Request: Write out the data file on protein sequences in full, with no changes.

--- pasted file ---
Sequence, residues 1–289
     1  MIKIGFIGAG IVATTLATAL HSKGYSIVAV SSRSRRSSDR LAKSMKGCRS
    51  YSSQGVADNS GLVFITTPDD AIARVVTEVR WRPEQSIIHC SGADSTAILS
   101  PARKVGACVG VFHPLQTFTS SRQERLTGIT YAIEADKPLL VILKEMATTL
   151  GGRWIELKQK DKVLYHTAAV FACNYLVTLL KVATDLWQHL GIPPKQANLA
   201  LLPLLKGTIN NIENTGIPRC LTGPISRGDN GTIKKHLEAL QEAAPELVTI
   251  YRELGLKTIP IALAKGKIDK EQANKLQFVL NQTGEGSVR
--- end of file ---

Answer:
Sequence, residues 1–289
     1  MIKIGFIGAG IVATTLATAL HSKGYSIVAV SSRSRRSSDR LAKSMKGCRS
    51  YSSQGVADNS GLVFITTPDD AIARVVTEVR WRPEQSIIHC SGADSTAILS
   101  PARKVGACVG VFHPLQTFTS SRQERLTGIT YAIEADKPLL VILKEMATTL
   151  GGRWIELKQK DKVLYHTAAV FACNYLVTLL KVATDLWQHL GIPPKQANLA
   201  LLPLLKGTIN NIENTGIPRC LTGPISRGDN GTIKKHLEAL QEAAPELVTI
   251  YRELGLKTIP IALAKGKIDK EQANKLQFVL NQTGEGSVR